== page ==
And, of course, like in any thriller, there was a surprise twist when McGovern nominated
Missouri senator Thomas Eagleton as his vice presidential running mate to roars of approval from the delegate floor. Little did any of us know that, less than one month later, Eagleton would be under siege when reporters revealed he had been seeing psychotherapists for emotional problems and had even received electroshock therapy. McGovern vowed to stand behind his running mate "one thousand percent" (I'll never forget those words), and the next day Eagleton was off the ticket. Hardball politics.
But the 1972 Democratic convention was just one in a long list of historic weeks in American politics that were at once dramatic and historic. Who can forget the 1960 Democratic convention, when a handsome young senator named John Kennedy rose to the lectern and vowed to lead a new generation of Americans across a new frontier? Or the 1976 Republican Convention, when California Governor Ronald Reagan delivered a speech so energizing to those in the stands that he ended up upstaging the nominee himself, President Gerald Ford? Or both the Republican and Democratic conventions in 1988 -- the former starring Vice President George H. W. Bush, who likened the nation's future to "a thousand points of light;" the latter featuring an Arkansas Governor named Bill Clinton, whose nominating speech went on for so long that weary delegates actually broke into applause when he said the words, "In conclusion...?"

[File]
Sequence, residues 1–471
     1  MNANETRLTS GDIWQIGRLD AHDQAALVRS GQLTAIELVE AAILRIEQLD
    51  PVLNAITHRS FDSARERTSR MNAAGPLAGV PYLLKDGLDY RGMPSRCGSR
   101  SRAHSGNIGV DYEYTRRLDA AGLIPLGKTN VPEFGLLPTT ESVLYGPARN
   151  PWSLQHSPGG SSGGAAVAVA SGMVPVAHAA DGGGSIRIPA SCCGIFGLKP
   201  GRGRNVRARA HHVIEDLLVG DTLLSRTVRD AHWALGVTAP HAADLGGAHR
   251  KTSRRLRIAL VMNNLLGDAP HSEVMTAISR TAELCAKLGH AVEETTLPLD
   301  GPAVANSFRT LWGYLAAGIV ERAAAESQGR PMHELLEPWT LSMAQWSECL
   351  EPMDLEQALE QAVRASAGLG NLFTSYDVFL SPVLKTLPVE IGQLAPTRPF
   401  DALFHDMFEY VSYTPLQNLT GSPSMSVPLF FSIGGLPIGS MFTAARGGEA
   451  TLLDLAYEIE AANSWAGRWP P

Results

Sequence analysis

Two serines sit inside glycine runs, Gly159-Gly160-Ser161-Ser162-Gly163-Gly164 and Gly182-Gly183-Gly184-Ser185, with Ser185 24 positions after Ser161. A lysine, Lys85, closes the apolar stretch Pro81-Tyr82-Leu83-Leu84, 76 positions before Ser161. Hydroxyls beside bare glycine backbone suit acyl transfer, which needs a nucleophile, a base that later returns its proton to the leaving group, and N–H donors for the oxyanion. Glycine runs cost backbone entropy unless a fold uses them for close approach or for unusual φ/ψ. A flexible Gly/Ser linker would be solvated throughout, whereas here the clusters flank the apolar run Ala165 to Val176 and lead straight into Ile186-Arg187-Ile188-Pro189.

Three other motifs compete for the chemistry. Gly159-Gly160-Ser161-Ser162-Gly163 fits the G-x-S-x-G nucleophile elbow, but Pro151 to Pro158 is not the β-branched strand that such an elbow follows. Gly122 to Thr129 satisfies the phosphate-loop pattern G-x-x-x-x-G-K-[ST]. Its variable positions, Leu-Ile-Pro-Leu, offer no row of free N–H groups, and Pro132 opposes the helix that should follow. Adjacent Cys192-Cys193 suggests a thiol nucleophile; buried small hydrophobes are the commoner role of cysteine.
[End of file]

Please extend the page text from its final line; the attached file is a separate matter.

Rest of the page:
And, of course, there was the 2004 Democratic convention, whose partisan pyrotechnics came to standstill when a young, black Senator from Illinois delivered a keynote speech so galvanizing and pulsing with hope that it would catapult him to his party's nomination -- and the presidency itself -- just four years later.
So whatever your party, wherever your loyalty, I hope you'll tune in to the Republican convention this week and witness history as it happens. And I hope you'll do the same in September, when the Democrats don red, white and blue for their gathering in Charlotte, NC. Both lineups promise to be lively this year -- so keep your eyes peeled. You never know who may be warming up in the wings, preparing to make his -- or her -- big entrance!